Kyler Murray pads Heisman, NFL draft résumé as Oklahoma outlasts Texas

Oklahoma Sooners quarterback Kyler Murray (1) celebrates after throwing a touchdown pass during the first half against the Texas Longhorns in the Big 12 Championship game at AT&T Stadium.Photo: Kevin Jairaj-USA TODAY Sports

Rob Rang

Oklahoma quarterback Kyler Murray quite literally staked his claim as the nation’s best player Saturday, delivering a lights out performance in a Big 12 Championship victory over rival Texas, avenging the Sooners’ only previous loss on the season with a 39-27 victory at AT&T Stadium in Arlington.

Shortly after slicing up a gifted Texas defense for 379 yards and three touchdowns – giving Murray a conference record 52 scores on the year – he took following in the footsteps of last year’s Heisman Trophy winner Baker Mayfield to a new, unexpected level, planting the OU flag at the 50-yard line to celebrate the Sooners’ fourth consecutive conference title.

Murray’s flag-planting homage to his predecessor is perhaps appropriate given how incredibly similar his numbers have been this season (4,053 passing yards, 40 TDs/seven interceptions, 70.7% completion percentage) compared to Mayfield last year (4,627 passing yards, 43 TDs/six INTs, 70.5%), prior to his taking home the hardware and, of course, the No. 1 overall pick of the 2018 NFL draft.

When you factor in the additional 892 rushing yards and 11 scores Murray has provided the Sooners this season (Mayfield accounted for 311 yards and five touchdowns), it is easy to see why momentum is gaining for Oklahoma’s second straight Heisman Trophy winner.

But can the diminutive Murray follow Mayfield’s lead into the NFL?

I certainly think so, ranking the Sooners’ star quarterback 32nd overall on my personal list of the top NFL prospects in college football.

It is an opinion shared by others.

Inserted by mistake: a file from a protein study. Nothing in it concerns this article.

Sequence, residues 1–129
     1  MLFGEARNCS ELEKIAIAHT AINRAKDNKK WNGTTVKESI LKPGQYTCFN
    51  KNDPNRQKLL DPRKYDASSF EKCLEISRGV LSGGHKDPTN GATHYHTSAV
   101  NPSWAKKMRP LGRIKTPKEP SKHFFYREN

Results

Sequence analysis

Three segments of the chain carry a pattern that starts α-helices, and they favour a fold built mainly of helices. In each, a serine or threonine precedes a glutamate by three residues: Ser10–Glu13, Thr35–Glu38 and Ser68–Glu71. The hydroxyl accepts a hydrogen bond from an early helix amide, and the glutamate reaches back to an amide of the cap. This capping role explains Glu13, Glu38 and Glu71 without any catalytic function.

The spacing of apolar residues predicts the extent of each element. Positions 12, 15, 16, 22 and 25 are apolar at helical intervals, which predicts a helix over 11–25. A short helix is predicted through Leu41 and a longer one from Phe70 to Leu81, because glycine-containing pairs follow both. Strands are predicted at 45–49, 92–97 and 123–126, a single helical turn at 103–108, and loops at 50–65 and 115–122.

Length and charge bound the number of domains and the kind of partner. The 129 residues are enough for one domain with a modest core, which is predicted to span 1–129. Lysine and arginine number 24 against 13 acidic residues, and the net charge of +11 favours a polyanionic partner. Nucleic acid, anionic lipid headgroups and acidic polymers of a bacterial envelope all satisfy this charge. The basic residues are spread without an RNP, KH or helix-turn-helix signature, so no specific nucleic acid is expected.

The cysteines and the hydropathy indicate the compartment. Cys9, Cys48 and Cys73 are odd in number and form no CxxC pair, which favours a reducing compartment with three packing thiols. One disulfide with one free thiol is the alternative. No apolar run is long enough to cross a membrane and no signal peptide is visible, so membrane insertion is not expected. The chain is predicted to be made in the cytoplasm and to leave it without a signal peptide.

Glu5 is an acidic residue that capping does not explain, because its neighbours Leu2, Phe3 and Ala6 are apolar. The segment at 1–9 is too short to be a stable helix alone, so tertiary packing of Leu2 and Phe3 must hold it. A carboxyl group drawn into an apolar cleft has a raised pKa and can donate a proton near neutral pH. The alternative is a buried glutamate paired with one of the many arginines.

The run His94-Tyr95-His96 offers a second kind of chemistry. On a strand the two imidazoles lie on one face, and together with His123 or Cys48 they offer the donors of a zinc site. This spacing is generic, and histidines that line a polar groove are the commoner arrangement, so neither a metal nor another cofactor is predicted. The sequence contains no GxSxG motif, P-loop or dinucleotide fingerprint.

This week on the Instinctive Scouting Podcast, two-time NFL general manager Scot McCloughan confirmed as much, stating that scouts on the road he’s spoken with recently are giving Murray late first and second round grades.

Previously, McCloughan has compared the 5-10, 195 pound Murray to Seahawks’ Pro Bowl quarterback Russell Wilson, notable given that the former served as a consultant for Seattle the year he was drafted.

Murray certainly has the wheels to warrant the comparison to Wilson, showing electric lateral agility and even better straight-line speed in this 55-yard touchdown run last week against West Virginia.

Though Texas was more statistically successful limiting Murray on the ground, he stole yards when needed, showcasing the same kind of game-altering mobility that the Baltimore Ravens have won two straight behind rookie dual-threat quarterback Lamar Jackson, the 2017 Heisman Trophy winner.

History is littered with athletic quarterbacks who lacked the poise and accuracy from the pocket necessary for success in the NFL.

It is here that Murray helped his cause the most Saturday against the Longhorns.

Take this throw, for example.

While true that Murray had an eternity to survey the field, he deserves credit for patience, vision and the laser-pointed rifle shot he delivers to the left sideline – a throw that shows all scouts need to know of his arm strength.

Accuracy down the seams is just as critical for success in the NFL and Murray showed that against the Longhorns, as well.

What about when Murray needs to move his feet, you ask? Watch him slide to his left to influence the defenders on this play before this quick zip, which perfectly leads tight end Grant Calcaterra for the go-ahead touchdown just before the half.

Of course, those who watched the thoroughly entertaining title game knows that Murray ultimately “hooked up” with Calcaterra against the Longhorns in the end zone a second time, perfectly lobbing the ball over tight defense to set up a one-handed grab likely even Odell Beckham, Jr. would appreciate.

As gifted as Murray clearly is, the NFL will have to compete with Major League Baseball for his services.

The Oakland Athletics invested the No. 9 overall pick of this past spring’s amateur draft on Murray, signing him to a five-year, $5 million contract. The A’s agreed to allow Murray to play college football this season but the understanding is that he will return to baseball fulltime at the end of the year.

Of course, after his latest brilliant performance, Murray may just decide that he’s enjoying football too much to give up.